Following the apocalyptic events of Mortal Kombat 11 and its story-based expansion, Mortal Kombat 1 represents a new era for the franchise’s characters. While it purports to do the same for the video game series, the more I played Mortal Kombat 1, the more familiar the latest entry felt, but that’s far from a bad thing.
Mortal Kombat 1 brings the tight gameplay of its predecessors to the next level. Every punch, kick, throw, and special move feels impactful in the dances of death in which its characters participate. Once you get a few fights under your belt with your character of choice, the gameplay really starts to sing as you learn how to chain together combos, specials, and this entry’s new addition, Kameo Fighters.
After selecting your fighter, you choose a secondary character to back you up. These Kameo Fighters have distinct moves that attack your opponent, shield you from incoming attacks, or disrupt the flow of battle. I love using an aggressive strategy with Sub-Zero, getting in their face with a diverse attack plan, only to use Scorpion as a Kameo Fighter to pull me out of danger with his spear. I took great delight in experimenting with different strategies and Kameo combinations to maximize this new mechanic.
The main roster consists of various franchise favorites, many of whom bring unique styles and tactics. Bruisers like General Shao and Geras can spell trouble for players with difficulty managing distance, but I prefer more agile characters like Kitana and Li Mei. Add in series icons like Liu Kang, Mileena, and Johnny Cage, all with excellent iterations on their character designs and move sets, and this is one of the strongest starting rosters of the series. It’s just a shame that one of the main characters in the story, Shang Tsung, is locked behind being preorder DLC.
Mortal Kombat 1’s story plays out like a movie. NetherRealm has gotten much better at weaving the fights into the narrative rather than inserting jarring moments that only exist to set up fights. The story’s production values are among the elite in the games industry, with state-of-the-art facial animations and some of the best cutscene fight choreography ever seen in the medium. I had a blast following the narrative of Liu Kang’s attempts to keep his new timeline in order, even if the – albeit extremely fun – conclusion gets rather messy.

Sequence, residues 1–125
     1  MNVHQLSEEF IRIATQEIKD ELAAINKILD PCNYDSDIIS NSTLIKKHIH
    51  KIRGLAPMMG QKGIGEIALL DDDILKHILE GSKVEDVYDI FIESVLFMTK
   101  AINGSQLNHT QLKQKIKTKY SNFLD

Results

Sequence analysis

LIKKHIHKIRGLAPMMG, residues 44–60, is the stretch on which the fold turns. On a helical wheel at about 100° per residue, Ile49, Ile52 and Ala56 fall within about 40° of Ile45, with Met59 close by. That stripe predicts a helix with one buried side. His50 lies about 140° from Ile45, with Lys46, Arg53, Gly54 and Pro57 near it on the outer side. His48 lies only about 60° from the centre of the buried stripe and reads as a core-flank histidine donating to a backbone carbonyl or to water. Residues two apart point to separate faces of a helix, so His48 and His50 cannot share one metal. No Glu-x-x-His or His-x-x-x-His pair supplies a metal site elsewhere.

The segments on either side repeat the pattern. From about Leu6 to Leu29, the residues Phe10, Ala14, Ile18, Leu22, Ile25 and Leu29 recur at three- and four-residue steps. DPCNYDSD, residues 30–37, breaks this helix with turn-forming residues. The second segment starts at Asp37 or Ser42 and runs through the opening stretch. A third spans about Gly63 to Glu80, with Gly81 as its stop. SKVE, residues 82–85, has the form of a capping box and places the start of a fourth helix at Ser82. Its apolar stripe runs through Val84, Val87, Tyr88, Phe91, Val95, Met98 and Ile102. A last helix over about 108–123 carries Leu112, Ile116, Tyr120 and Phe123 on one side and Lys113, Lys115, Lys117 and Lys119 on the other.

Once you finish the hours-long story, single-player content aplenty awaits. Invasions mode allows you to embark on a quest across the realms, completing various challenges for a ton of in-game rewards. These creative tests range from straightforward fights and difficult multi-phase boss battles to obstacle-dodging survival trials and Test-Your-Might encounters. While I love this mode and its promise of delivering nine hours of single-player content every six weeks, the formula wore on me a little as I progressed. Still, I loved ending my nights by playing through a dozen or so nodes to see what challenges awaited me and what cosmetic customization items I could earn to equip my fighters.
On the more traditional front, Mortal Kombat 1 brings back single-player arcade-style Towers and a small suite of online modes. While King of the Hill provides too much downtime as you watch strangers duke it out, I loved putting my skills to the test in the ranked best-of-five matches in the online Kombat League. Story and Invasions will always be my destination modes, but getting to know another player over a three-to-five fight series builds unmatched tension and delivers some of my most memorable moments with Mortal Kombat 1.
When the first Mortal Kombat debuted more than 30 years ago, the series quickly became known for its trademark blood, gore, and violence. While that is still at the forefront thanks to Mortal Kombat 1’s Fatal Blows, Brutalities, and, of course, Fatalities, the longer the series has gone on, the longer it has rightfully become just as known for its genre-leading approach to single-player content and incredibly tight fighting mechanics. In making strides in both areas, Mortal Kombat 1 moves the series forward to continue what has already been a terrific year for the genre.
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